First, systematic literature searches in PubMed (https://www.ncbi.nlm.nih.gov/pubmed) for articles that had been published through June 2020 using search term combinations of “vitamin B,” “thiamine,” “pyridoxine,” or “cobalamin” with “nerve regeneration” were conducted. Due to the low number of search results and because it was also aimed to include foreign-language articles, no filters for language, periods, etc. were used. These searches added up to only 101 results of which the majority dealt with vitamin B12. To receive additional evidence on vitamins B1 and B6 by further PubMed searches, search term combinations of “thiamine OR vitamin B1[Title/Abstract]” or “pyridoxine OR vitamin B6[Title/Abstract]” with “nerve role OR nerve function” (filter: “other animals”) were applied. With the 318 additional results, a total of 419 results (including duplicates) from PubMed were observed, of which 383 results remained after removing duplicates. Six additional relevant articles from manual searches in Google Scholar and Google were added. Thereafter, abstracts or, in uncertain cases, full texts were screened. Finally, a total of 26 relevant original articles in the field of experimental animal research were included (Table 1). The exclusion criteria included lack of relevance, redundancy (e.g., secondary publication), human studies, and reviews. However, human studies and reviews (very few relevant articles) in certain cases were used for a more comprehensive overview. Two of the listed full text articles also had to be translated into English because the original articles were published in Russian and Japanese.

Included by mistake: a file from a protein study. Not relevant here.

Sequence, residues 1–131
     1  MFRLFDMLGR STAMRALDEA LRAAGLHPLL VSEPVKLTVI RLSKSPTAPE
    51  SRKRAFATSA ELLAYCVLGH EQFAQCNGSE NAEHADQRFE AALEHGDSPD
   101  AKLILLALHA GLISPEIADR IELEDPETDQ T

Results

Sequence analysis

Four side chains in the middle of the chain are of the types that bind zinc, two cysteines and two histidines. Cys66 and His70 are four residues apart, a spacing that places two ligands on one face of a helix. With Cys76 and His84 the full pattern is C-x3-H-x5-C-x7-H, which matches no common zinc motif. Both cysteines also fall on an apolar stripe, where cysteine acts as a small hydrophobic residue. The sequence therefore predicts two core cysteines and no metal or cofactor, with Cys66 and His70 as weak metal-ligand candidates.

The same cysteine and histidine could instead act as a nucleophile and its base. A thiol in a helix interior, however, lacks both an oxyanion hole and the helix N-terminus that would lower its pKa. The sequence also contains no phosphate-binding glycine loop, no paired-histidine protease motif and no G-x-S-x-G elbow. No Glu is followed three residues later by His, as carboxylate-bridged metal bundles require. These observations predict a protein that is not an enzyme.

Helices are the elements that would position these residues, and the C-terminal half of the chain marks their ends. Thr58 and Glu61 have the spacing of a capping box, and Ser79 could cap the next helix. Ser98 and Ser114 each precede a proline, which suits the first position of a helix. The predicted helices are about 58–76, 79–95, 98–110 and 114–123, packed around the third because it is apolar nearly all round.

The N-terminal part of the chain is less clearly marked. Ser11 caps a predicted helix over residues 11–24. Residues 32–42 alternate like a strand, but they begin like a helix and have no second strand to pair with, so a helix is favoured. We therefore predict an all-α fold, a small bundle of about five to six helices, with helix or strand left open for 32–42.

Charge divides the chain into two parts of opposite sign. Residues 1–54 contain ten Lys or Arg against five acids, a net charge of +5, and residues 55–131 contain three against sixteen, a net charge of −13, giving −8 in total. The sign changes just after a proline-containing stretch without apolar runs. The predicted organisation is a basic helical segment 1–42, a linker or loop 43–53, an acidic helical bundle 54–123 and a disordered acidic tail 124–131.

3. Results and Discussion

As shown in Table 1, several animal studies provide evidence for a role of neurotropic B vitamins (B1, B6, and B12) in the process of nerve regeneration. Despite extended searches for vitamins B1 and B6, most evidence is still related to vitamin B12. Even for the combination of vitamins B1, B6, and B12, comparatively fewer studies were available.

3.1. Vitamin B1

Vitamin B1 (thiamine) plays a key role as a coenzyme in the carbohydrate metabolism, which is the main energy supply for nerve fibers. Thiamine pyrophosphate is essential for feeding pyruvate to the oxidative energy metabolism, eventually resulting in adenosine triphosphate (ATP) production [29, 31]. In addition, several studies suggest that it acts as a site-directed antioxidant, thereby protecting nerves from oxidative damage [32].